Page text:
New Book!




Here are a few brief answers to common inquiries regarding the Church of Jesus Christ of Latter-day Saints (commonly called the "Mormon Church"):

1. Do members of the Church of Jesus Christ of Latter-day Saints practice polygamy today?

No. Any person attempting to practice polygamy is excommunicated.

2. Did members of the Church of Jesus Christ of Latter-day Saints ever practice polygamy?

Yes. The practice is referred to as "plural marriage." It occurs when one man is married to more than one wife (technically called "polygyny"). Joseph Smith introduced plural marriage in the 1840s. In 1852, Church leaders announced to the world that plural marriages were being allowed. In 1890 the practice was generally discontinued. However, between 1890 and 1904, around 300 plural marriages were secretly performed. Since 1904, individuals entering into polygamous unions are excommunicated. (See Encyclopedia of Mormonism, 3:1091-1095.)

3. How many Church members were involved?

"The exact percentage of Latter-day Saints who participated in the practice [of plural marriage] is not known, but studies suggest a maximum of from 20% to 25% of LDS adults were members of polygamous households. At its height, plural marriage probably involved only a third of the women reaching marriageable age—though among Church leadership plural marriage was the norm for a time." (Encyclopedia of Mormonism, 3:1095.)

4. How can individuals who strive to follow Christ and biblical teachings believe in or practice polygamy?

"Mormonism claims to be a restoration of God's work in all previous dispensations. The Old Testament teaches that the patriarchs—those men favored of God in ancient times—had more than one wife under divine sanction. In the course of the development of the Church in the nineteenth century, it was revealed to the leader of the Church that such a practice of marriage again should be entered into." (Gordon B. Hinckley, What of the Mormons?, p.10.)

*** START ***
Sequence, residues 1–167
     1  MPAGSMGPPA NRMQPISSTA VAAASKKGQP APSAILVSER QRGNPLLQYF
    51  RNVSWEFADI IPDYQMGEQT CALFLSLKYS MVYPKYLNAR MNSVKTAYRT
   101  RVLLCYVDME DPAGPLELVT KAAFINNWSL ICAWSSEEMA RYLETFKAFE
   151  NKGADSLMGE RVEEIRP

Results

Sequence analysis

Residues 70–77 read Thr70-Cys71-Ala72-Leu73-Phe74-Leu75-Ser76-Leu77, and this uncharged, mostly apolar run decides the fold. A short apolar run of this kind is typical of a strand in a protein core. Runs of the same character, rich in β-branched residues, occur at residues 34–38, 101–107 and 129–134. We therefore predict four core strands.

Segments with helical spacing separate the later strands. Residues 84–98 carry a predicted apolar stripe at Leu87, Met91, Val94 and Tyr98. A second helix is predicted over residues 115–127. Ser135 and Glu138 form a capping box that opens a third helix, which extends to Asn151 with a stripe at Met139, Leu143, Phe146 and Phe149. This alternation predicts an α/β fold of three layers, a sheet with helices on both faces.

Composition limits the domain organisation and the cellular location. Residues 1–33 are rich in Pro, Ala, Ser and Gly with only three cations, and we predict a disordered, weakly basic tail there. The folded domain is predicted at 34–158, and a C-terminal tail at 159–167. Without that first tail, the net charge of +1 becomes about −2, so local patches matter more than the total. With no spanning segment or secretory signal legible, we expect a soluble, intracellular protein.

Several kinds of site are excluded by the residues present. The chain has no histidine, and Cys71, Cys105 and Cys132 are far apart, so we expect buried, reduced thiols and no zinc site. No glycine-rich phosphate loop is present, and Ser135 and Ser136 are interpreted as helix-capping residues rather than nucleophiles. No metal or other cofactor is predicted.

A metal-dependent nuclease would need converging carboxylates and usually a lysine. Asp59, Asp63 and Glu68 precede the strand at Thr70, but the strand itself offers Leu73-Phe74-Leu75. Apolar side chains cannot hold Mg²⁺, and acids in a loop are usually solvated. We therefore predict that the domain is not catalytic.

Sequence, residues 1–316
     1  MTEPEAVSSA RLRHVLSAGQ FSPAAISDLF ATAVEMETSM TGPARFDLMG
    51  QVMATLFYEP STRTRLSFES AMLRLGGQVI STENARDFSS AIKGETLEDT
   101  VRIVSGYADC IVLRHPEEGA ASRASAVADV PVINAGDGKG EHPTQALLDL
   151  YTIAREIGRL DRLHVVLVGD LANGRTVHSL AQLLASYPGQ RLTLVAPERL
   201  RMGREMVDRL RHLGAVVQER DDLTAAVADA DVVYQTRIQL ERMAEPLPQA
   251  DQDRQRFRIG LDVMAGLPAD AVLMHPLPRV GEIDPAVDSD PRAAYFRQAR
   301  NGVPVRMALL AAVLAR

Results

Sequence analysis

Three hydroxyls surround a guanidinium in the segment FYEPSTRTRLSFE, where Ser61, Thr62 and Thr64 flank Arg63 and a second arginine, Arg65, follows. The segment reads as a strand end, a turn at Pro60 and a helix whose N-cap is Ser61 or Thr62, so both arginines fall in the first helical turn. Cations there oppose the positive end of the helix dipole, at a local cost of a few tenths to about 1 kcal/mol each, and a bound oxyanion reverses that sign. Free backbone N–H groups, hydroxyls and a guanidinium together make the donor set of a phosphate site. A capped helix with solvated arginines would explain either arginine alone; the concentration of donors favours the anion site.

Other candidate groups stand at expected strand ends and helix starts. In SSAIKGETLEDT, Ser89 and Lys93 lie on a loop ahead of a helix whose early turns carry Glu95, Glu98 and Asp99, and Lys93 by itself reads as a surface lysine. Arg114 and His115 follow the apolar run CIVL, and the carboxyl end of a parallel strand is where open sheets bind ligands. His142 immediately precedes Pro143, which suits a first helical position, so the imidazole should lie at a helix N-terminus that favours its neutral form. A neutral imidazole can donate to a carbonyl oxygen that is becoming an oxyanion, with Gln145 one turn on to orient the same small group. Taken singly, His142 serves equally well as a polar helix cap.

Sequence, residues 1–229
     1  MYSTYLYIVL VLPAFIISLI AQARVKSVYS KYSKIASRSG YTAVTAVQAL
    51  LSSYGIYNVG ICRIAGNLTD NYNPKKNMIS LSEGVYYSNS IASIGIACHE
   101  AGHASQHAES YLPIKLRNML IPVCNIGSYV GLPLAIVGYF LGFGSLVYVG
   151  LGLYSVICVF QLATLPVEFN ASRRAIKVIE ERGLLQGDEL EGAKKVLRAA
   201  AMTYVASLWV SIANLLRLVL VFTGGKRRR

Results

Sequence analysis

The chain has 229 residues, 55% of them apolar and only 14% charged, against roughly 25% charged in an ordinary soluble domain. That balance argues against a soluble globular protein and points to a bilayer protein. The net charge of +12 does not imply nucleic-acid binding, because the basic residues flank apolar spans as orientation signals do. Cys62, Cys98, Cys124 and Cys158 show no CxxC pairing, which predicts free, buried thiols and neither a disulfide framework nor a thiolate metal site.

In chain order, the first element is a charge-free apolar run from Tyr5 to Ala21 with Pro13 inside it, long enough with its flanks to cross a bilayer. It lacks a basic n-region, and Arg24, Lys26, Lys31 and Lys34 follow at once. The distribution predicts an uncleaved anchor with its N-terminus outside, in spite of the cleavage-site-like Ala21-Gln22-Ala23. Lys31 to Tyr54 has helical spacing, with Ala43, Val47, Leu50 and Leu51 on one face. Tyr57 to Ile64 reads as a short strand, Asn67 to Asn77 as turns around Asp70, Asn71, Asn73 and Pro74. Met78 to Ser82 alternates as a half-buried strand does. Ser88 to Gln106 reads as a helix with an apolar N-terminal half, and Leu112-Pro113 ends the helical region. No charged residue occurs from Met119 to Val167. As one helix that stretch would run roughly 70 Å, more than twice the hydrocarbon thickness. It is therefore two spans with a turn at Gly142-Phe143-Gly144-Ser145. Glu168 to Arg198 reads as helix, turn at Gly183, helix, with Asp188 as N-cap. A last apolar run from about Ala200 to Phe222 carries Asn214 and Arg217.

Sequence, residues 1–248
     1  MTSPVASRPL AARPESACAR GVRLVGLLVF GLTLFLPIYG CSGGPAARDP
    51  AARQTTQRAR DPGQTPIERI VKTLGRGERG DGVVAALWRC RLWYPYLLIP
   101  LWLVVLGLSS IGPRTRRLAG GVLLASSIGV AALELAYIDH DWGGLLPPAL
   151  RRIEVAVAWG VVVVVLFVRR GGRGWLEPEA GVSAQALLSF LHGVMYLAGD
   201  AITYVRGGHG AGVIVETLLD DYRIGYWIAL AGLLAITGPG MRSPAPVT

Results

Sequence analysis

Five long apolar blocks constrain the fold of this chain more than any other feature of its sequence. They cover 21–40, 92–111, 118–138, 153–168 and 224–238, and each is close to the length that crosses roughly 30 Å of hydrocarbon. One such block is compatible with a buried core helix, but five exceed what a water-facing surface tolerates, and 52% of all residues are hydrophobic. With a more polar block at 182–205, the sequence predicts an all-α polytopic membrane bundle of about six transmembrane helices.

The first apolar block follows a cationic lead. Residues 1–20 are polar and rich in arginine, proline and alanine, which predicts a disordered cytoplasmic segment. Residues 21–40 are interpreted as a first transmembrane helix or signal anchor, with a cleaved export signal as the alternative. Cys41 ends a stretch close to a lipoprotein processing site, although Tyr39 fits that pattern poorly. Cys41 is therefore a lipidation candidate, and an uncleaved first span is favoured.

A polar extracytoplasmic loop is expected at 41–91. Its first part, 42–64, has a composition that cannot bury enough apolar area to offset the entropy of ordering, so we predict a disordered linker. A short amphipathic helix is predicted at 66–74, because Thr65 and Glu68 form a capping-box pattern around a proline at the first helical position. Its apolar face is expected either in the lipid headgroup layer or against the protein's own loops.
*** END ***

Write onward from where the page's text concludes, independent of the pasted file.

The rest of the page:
5. How many modern polygamists are there?

The press has often used numbers in the 20,000 to 30,000 range to describe the number of polygamists living in the West. This number may be too high. 

The largest polygamists groups include the United Apostolic Brethren, led by Owen Allred with headquarters in south Salt Lake City valley. They carry around 6000 members on their rolls. There may be additional members in Montana and elsewhere. Estimates for the Fundamentalist LDS Church (FLDS) lead by Rulon Jeffs located in Colorado City, Utah on the Utah-Arizona border have been around 8000.  A smaller group located nearby called the "First Warders" may support another thousand or so. The Kingstonites have a over a thousand.  The "True and Living Church" (TLC) of Manti, Utah whose prophet is James Harmston has a few hundred.

Beyond these groups, numerous "Independents" exist around the area. They are not associated with any of the main entities. Whether there are hundreds, thousands or tens of thousands in all, it is difficult to say.

6. What are some of the other differences between Mormon Fundamentalists and the Church of Jesus Christ of Latter-day Saints?

About a dozen or so complaints are repeatedly lodged against the Church by Mormon Fundamentalists. The practice of polygamy is by far the most visible.  Other disagreements include:


Through Joseph Smith, God revealed an economic plan called the "Law of Consecration." It retains a person’s full free agency while providing for the poor and the needy. The "Law of Consecration" is very different from communism. Members in the 1830s and again in the 1870s were given the privilege of living this inspired plan. Notwithstanding, Church members were not totally successful and God subsequently replaced it with a lesser law called "tithing."

Mormon Fundamentalists assert that the "Law of Consecration" must be lived today. They forget that to practice it, they must have divine permission and authorized leadership.  This they do not possess.